THE Limpopo Provincial Finals of the under-12 Danone Nations Cup tournament take place at the Seshego Stadium in Polokwane this coming Saturday.
A school that has reached this stage of the tournament for the first time is Shesego’s Rev M.P Malatjie Primary School who will be representing the Capricorn District and their coach, Phillip Nkwe, is looking forward to the advantages that playing at home will give his team.
“There will not be any travelling and settling in to worry about,” he said. “With kids this young, travelling often unsettles them as they are in unfamiliar territory.”
Nkwe says preparations for the provincial finals began very early this year and they are putting more time and effort into training. “We have been playing in the Danone Nations Cup for years now and we decided to change strategy to enable us to take the next step forward as we have always been knocked out at cluster level,” he said, “So we have increased our training programme. Our main focus this year is speed and fitness as I have seen from past experience that we have not matched up to some of the other schools in this regard and this led to our defence struggling, and the attack fails because they lack the stamina. Getting to this stage of the tournament proves that hard work and believing in your dreams is important.”
There are challenges coaching children at this level admits Nkwe; “Firstly, I still find myself teaching basics to some players because they don’t train while they are on holiday and don’t play for local soccer clubs so they come back rusty and forget the basics. Secondly, I am a teacher first and there are times when I have work commitments and ask the youngsters to train on their own but this hasn’t worked as they are not disciplined enough to manage themselves. I am now grooming those that I see with leadership qualities to take charge when I am not around.”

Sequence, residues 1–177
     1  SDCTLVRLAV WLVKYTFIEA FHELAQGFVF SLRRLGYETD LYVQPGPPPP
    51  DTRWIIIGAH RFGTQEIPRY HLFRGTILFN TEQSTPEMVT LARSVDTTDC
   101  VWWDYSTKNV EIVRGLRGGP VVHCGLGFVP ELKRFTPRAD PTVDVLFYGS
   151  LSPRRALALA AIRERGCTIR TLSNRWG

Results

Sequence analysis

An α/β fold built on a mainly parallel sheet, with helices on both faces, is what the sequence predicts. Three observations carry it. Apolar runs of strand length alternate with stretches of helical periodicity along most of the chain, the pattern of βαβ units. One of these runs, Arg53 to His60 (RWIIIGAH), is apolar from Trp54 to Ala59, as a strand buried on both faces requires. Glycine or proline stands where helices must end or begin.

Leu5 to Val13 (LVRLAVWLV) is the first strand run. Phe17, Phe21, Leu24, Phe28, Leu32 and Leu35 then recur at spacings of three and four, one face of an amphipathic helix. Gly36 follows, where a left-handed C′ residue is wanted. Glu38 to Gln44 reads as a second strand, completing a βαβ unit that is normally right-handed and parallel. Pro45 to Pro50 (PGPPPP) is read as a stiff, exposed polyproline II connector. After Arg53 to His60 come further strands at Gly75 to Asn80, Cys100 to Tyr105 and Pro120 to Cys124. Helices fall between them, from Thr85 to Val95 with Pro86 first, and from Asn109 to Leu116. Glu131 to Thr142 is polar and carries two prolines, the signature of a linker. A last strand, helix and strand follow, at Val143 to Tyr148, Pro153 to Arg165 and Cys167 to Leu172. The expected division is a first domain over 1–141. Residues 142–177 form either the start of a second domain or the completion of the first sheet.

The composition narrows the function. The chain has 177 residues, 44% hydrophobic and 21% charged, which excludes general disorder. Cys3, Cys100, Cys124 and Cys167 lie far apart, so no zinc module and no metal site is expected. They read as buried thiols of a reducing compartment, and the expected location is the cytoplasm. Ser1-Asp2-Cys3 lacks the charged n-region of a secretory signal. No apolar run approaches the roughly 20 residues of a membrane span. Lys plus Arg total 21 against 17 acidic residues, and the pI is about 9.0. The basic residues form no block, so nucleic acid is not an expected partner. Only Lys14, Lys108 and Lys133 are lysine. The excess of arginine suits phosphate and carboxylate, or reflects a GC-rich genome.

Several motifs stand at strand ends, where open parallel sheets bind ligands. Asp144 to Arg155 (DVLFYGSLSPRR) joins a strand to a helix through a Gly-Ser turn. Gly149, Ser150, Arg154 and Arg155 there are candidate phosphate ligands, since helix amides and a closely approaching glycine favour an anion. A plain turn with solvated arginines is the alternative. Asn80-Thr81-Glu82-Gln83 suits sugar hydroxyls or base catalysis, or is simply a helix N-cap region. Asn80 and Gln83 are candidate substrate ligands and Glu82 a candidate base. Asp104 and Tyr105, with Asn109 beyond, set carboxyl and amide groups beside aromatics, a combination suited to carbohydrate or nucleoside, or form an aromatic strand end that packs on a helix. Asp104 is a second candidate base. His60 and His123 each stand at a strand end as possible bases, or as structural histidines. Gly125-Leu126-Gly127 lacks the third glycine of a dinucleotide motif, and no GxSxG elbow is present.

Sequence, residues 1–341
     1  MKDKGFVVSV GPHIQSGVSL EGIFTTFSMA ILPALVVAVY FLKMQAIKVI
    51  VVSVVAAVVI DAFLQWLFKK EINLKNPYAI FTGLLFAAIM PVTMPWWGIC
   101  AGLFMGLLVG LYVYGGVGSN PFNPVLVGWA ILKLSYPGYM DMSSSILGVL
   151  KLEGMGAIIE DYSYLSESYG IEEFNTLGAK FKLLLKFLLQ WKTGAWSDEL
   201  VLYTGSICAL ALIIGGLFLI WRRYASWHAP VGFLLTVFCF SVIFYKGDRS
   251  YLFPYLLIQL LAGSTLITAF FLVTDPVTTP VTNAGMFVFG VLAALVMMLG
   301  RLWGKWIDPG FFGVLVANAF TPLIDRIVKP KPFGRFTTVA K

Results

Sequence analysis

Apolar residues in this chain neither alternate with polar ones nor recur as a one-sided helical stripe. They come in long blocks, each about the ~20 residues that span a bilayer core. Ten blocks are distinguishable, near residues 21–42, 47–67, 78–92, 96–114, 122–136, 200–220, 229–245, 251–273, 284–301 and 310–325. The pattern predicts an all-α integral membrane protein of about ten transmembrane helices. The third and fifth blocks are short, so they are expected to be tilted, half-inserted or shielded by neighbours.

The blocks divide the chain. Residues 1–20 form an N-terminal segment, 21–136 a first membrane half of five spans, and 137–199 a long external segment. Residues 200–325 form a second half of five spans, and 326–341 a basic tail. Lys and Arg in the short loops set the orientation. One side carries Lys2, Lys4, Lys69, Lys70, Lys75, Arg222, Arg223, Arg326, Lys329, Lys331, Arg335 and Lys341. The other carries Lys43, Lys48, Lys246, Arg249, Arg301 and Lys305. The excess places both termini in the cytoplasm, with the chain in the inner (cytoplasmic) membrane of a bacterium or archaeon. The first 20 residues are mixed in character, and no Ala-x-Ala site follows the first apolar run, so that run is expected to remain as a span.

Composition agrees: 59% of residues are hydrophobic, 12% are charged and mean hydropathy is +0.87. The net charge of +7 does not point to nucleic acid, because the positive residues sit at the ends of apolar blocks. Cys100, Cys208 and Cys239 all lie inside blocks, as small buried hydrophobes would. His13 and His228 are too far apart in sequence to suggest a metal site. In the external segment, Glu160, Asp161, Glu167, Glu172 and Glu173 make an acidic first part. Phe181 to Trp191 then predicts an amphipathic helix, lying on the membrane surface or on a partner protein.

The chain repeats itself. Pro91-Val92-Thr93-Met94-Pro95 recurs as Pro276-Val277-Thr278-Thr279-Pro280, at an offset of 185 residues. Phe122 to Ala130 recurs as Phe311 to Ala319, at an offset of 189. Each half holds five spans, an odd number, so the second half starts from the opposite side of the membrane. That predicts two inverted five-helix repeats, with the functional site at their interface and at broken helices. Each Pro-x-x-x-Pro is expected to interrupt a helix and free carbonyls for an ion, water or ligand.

Nkwe is a believer in the enormous role of soccer in a child’s development process. “I encourage all our students to participate in a sport,” he said. “It helps them improve their social skills and keeps them healthy and fit,”
He singles out his captain, midfielder Seepe Selemela as a player to watch. “He is skilled, confident, determined and takes instructions well. He always plays to win. He is passionate about the game and wants to become a professional player when he finishes school.”
Nkwe admits to being a soccer fanatic. “I have no formal coaching qualifications but I watch as many games as possible, live and on TV. My knowledge has got me into the provincial finals so I think I am on the right track. I’m looking forward to meeting up with other coaches, we are in a competition but we sometimes share ideas and insights on coaching. At the end of the day the team that will win the provincial final will represent Limpopo, so helping each other out is not a bad thing at all.”
Playing sport is also about making friends and Nkwe encourages his team to be social with other schools. “Just because we are competing against each other it does not mean that we need to be enemies,” he said.
The other five provinces are currently still holding their qualifiers.